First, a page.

"We won't be spending money like we normally would," said the wife of a furloughed NOAA employee. "We will be more cautious about our finances than normal until we know that the government is not going to be closing every couple of weeks."
Federal workers who have gone a month without getting paid during the longest government shutdown in U.S. history expressed relief Friday that a deal had been reached to end the impasse, but are worried they’ll be in the same spot in a few weeks.
Ivan Tauler and his wife spent an exhausting three weeks calling, researching and haggling to get relief from government agencies, schools, banks and utility companies to scrape by during the shutdown that caused him to be furloughed from his cartographer job at the National Oceanic and Atmospheric Administration in West Virginia.
For Tauler, the end of the shutdown was far from a cause for celebration. The deal announced Friday by President Donald Trump only reopens the government for three weeks while negotiations continue over the president’s demands for money to build his long-promised border wall.
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“We won’t be spending money like we normally would,” said Melinda Tauler. “We will be more cautious about our finances than normal until we know that the government is not going to be closing every couple of weeks.”
Tauler was one of about 800,000 furloughed federal workers thrust into weeks of uncertainty and financial hardship — leading many to take out loans, apply for unemployment, do temporary jobs and launch online campaigns asking for donations.
The end of the 35-day impasse came on what would have been the second payday with no checks for federal workers. The deal includes back pay federal workers who have gone without paychecks, with Trump vowing that they will get paid very soon.
Eileen Hartigan, who works as a nurse at the Smithsonian’s National Zoo in Washington, felt a deep sense of relief financially. But it was mixed with the feeling of being used by politicians.
The 52-year-old Virginia woman is a Trump supporter who blamed the shutdown on all sides, though she doesn’t understand how her “being out of work made any difference on the immigration issue.”
“The politicians are acting like middle school children with their tantrums,” she said. “Not elementary school children because they still respect adults. But middle school children because they think they’re better than everybody.”
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Alecia Lane, a management analyst with the U.S. Food and Drug Administration from Laurel, Maryland, is excited she’ll get a paycheck soon but said the only luxury spending she might do right away is taking her two sons, 12 and 8, to the movie theater.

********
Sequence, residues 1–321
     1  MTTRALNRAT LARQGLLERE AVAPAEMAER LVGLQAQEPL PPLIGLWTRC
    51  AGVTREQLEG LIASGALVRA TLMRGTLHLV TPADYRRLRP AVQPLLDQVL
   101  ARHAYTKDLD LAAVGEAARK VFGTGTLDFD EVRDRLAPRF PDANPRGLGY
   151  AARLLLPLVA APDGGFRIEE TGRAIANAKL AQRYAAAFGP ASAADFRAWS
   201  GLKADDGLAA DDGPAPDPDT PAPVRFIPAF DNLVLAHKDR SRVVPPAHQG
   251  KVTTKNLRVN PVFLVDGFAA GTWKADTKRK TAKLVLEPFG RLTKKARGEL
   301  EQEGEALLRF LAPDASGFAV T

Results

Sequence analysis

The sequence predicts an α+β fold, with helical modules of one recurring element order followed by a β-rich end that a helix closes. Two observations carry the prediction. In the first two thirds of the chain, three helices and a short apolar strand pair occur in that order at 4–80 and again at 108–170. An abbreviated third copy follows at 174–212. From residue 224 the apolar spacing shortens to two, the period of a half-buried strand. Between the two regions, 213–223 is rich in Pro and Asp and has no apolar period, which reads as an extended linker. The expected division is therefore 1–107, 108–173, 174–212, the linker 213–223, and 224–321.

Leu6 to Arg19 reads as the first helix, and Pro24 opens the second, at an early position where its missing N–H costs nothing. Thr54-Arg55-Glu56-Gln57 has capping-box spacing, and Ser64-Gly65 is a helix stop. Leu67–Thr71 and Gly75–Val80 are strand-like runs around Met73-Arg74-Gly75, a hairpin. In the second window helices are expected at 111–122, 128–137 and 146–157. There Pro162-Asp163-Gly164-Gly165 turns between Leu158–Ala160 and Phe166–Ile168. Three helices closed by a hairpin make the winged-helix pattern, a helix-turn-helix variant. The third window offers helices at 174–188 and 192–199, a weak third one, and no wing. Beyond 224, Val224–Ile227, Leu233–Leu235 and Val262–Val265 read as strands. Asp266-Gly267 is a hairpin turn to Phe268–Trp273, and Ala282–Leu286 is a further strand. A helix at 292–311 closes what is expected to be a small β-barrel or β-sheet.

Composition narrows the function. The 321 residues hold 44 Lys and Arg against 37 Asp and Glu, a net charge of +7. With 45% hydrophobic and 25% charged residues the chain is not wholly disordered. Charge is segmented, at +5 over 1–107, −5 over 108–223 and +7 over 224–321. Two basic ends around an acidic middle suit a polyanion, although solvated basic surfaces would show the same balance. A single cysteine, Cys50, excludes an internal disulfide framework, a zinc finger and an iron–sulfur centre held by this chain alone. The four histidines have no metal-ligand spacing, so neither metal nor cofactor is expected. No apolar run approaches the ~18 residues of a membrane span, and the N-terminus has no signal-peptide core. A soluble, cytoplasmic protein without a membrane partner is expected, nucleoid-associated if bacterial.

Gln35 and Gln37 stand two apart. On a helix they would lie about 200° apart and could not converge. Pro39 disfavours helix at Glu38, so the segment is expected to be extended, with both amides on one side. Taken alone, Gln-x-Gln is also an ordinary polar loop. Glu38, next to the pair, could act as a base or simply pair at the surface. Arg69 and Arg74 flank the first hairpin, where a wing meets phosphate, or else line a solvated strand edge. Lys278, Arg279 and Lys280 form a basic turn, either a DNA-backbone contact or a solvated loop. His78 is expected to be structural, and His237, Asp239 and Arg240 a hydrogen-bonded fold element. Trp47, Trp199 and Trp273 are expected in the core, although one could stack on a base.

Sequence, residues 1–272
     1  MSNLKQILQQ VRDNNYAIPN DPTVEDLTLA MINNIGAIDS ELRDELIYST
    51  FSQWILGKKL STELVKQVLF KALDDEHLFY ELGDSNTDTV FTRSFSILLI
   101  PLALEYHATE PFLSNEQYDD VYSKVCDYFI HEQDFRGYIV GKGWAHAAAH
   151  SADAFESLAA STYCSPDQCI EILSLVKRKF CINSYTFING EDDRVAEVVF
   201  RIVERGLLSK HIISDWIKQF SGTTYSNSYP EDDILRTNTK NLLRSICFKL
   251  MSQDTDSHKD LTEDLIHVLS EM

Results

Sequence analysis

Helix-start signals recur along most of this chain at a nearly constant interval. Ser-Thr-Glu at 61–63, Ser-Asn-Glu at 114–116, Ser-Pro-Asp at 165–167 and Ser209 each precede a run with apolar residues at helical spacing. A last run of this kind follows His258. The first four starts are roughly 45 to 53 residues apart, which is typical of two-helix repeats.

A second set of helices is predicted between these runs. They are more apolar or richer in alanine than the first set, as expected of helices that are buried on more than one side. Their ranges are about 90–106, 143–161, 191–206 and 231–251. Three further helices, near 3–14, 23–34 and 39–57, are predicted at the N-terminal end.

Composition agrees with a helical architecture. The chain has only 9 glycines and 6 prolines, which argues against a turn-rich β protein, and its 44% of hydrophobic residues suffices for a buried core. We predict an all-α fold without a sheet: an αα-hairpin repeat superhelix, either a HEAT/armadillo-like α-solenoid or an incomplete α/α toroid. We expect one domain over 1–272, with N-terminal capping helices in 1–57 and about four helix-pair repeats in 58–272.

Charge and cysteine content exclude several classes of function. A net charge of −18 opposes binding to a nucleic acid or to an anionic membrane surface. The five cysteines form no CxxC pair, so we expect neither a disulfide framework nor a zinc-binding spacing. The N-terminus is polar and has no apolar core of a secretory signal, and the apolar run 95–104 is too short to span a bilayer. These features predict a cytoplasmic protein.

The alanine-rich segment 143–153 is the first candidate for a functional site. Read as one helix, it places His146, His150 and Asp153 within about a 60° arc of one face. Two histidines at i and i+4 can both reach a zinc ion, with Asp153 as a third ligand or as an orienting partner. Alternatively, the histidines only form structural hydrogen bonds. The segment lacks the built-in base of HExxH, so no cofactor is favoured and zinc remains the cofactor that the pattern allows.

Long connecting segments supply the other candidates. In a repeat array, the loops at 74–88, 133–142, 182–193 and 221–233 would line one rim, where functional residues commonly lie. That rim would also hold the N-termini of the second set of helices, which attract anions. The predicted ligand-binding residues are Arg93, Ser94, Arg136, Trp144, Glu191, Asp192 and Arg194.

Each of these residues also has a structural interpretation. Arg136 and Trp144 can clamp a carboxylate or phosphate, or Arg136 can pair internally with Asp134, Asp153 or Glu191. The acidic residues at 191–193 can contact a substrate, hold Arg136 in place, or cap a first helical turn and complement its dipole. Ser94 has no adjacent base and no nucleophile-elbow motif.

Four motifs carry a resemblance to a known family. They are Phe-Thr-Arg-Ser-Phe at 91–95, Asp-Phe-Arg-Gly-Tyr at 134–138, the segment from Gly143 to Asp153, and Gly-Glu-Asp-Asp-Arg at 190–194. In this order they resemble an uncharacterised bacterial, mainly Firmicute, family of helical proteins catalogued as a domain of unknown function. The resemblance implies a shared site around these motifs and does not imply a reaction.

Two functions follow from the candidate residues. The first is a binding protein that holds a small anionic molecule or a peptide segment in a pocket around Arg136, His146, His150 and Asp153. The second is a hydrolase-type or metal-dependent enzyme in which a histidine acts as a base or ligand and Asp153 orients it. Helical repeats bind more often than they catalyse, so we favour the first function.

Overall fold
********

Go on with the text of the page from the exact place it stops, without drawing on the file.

Lane was among hundreds of federal workers who launched GoFundMe campaigns to get financial help during the shutdown. She needed help to pay her own bills and send money to help her autistic brother and mother who live in Kentucky. She said it was embarrassing to have to make that public plea.
“I’m saving every dime. I never want to be in this position again,” said Lane, a U.S Navy veteran. “I’m worried that we’ll be right back in this situation in three weeks. He (Trump) wants that border wall. To be honest: I was shocked that they even reached this deal.”
Lane scoffed at Trump’s assertion in his Friday announcement that federal employees agreed with him and weren’t complaining.
“Who was he talking to?” Lane said. “Everyone was complaining, let’s be real.”
Single parent Leisyka Parrott, a Bureau of Land Management employee in Arcata, California, was driving with her son Friday when she heard a radio news broadcast about the deal to reopen the federal government for three weeks. Her cellphone immediately began buzzing with congratulatory text messages from friends, who know she has been furloughed from her job since Dec. 21.
Rebecca Maclean, a housing program specialist for the U.S. Department of Housing and Urban Development in Pittsburgh whose furlough began Dec. 21, was washing dishes and listening to NPR when the news broke of a deal to temporarily end the shutdown. She isn’t celebrating quite yet.
“Until (Trump) puts ink to paper, I’m not going to check my bank balance,” she said.
She and her husband have been grateful for the outpouring of support from neighbors. Some dropped off food. Twice, somebody anonymously dropped off grocery store gift cards on their front porch.
The Taulers were approved for food stamps and arranged for free breakfasts and lunches from the schools for their four children, and Ivan Tauler had already submitted his unemployment application.
He said the family is left with hard feelings for politicians and a deep desire to keep more money in savings.
“This seems to be a recurring theme so we’re definitely going to be prepared for it,” Tauler said.
Associated Press Writers Michael Kunzelman and Ben Finley in Norfolk, Virginia, contributed to this report.